While British Columbia’s Ivan Henry fights to receive compensation for his 29-year wrongful imprisonment, this week a Texas judge released Steven Mark Chaney, a man who served 28-years for the murders of John and Sally Sweek, on the basis of now-discredited “bite-mark” evidence and the almost commonplace charge of prosecutorial misconduct. The latter allegations have yet to face scrutiny in a court room.
In 1987 Dentist Jim Hales was one of two dentists that testified at Chaney’s trial that there was a “1 to a million” chance that someone other than Chaney made the bite marks found on the male victim’s body.
The jury, like other juries before and after this trial, relied on the expert evidence to convict Chaney. It is not uncommon that medical testimony from seemingly qualified doctors is considered to be scientifically infallible because of the elevated positions physicians hold in society. This, despite alibi testimony from nine of Chaney’s friends who said they saw him the day of the slayings and he couldn’t have killed the Sweeks.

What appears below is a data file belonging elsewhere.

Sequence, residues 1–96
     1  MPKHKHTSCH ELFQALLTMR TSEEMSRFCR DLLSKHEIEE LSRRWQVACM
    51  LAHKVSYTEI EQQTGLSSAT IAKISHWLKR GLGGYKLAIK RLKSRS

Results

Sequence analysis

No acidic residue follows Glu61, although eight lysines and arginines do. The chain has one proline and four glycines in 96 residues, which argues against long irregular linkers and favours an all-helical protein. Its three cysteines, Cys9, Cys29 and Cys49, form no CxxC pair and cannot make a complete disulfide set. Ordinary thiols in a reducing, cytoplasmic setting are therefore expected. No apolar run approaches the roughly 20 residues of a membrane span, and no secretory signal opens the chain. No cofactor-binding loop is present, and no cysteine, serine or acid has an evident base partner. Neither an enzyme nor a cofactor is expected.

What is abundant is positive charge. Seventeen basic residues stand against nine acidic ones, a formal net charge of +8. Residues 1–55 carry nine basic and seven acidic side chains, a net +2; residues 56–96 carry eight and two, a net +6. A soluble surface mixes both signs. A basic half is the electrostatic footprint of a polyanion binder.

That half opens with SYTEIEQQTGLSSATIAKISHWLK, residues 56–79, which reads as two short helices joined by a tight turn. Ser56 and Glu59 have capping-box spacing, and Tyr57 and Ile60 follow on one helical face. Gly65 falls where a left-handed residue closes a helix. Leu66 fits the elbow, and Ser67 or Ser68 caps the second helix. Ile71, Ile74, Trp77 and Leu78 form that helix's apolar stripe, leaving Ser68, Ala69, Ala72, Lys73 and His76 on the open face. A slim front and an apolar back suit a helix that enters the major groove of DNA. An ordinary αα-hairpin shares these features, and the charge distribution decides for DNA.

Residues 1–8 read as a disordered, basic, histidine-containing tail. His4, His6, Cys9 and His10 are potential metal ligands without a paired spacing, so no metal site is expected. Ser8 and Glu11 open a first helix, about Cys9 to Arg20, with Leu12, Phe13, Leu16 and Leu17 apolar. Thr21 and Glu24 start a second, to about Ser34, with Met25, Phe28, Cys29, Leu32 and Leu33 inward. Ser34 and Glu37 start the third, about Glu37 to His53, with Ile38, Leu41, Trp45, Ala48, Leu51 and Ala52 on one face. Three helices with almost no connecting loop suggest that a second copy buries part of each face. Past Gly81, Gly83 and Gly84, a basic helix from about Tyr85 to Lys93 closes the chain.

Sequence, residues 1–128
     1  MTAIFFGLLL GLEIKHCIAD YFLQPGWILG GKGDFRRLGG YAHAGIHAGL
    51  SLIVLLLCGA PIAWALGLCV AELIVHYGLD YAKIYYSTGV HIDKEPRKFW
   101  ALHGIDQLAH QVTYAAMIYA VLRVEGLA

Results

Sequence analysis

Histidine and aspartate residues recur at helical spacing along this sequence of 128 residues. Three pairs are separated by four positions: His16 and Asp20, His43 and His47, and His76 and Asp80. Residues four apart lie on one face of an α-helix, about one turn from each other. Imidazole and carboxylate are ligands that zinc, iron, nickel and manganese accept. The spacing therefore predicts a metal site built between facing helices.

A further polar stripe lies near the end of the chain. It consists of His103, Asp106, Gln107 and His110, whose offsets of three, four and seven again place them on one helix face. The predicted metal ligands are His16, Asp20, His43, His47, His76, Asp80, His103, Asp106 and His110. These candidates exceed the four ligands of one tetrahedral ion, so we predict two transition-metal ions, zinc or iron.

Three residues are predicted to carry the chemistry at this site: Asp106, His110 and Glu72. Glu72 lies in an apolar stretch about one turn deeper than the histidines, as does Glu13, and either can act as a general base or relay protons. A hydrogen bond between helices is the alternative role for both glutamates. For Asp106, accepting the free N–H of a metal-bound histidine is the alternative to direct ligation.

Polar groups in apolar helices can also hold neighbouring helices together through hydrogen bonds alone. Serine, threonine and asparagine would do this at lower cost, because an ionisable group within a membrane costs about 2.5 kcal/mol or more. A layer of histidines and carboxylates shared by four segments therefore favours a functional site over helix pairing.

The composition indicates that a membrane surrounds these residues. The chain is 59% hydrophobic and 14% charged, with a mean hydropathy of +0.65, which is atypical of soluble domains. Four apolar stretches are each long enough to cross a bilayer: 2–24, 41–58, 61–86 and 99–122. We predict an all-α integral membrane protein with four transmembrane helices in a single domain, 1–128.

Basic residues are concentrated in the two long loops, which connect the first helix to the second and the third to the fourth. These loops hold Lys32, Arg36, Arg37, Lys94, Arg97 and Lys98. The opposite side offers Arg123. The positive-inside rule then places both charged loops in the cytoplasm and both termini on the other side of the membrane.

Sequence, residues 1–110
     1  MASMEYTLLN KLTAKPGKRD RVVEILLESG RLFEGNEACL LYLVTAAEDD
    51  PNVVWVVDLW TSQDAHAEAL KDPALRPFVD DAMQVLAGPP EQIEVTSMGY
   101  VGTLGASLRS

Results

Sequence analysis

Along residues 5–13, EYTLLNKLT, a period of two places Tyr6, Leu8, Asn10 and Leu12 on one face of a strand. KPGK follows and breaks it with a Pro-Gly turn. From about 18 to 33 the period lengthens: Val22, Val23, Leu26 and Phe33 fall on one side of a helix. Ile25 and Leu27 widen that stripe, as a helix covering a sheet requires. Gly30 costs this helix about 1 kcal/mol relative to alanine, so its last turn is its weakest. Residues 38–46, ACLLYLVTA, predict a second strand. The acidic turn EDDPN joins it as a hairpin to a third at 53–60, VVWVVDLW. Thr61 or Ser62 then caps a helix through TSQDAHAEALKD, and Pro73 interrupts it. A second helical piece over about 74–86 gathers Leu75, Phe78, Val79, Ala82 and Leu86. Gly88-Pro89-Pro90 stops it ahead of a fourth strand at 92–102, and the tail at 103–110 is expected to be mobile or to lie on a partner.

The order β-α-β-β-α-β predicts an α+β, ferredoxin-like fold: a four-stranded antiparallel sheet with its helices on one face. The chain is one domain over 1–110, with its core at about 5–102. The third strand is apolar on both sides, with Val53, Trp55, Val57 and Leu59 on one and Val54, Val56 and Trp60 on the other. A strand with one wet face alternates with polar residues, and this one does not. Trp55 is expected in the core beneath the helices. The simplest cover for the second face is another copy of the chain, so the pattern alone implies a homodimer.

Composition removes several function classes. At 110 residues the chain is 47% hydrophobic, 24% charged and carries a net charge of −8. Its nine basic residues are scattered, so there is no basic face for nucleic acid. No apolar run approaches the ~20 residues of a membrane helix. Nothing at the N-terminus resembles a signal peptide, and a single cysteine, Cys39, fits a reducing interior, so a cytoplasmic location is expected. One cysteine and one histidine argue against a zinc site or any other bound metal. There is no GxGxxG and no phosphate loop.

Chaney’s attorney and the New York-based Innocence Project asked Judge Dominique Collins to overturn their client’s conviction after prosecutors admitted that bite-mark analysis was unreliable and flawed. Chaney received a pumpkin pie from the judge who wanted him to enjoy the taste after eating bland prison food for so long.
Steven Chaney is among a group of alleged murderers and rapists whose convictions were secured by bite-mark evidence. Since 2000 at least 24 men in the United States have been exonerated of heinous crimes after convictions based on this junk science.
The field of forensic odontology captured public and media attention during the televised trial of serial murderer Ted Bundy in Florida in 1979 when dental experts testified that Bundy’s crooked teeth matched a bite in one young victim’s flesh.
In 2009 the United States Department of Justice released a report titled “Strengthening Forensic Science in the United States: A Path Forward”. The authors criticized the use of bite-mark evidence. Since then the FBI will not rely on it and the American Dental Association will not recognize it as bonafide science.
Nonetheless, as recently as 2013 a judge in New York accepted it as evidence in the trial of Clarence Dean, a registered sex offender accused of killing a woman near Time Square in 2007.
Meanwhile Chris Fabricant, director of litigation with the New York Innocence Project says “Bite mark evidence is the poster child of unreliable forensic science.”
Lawdiva aka Georgialee Lang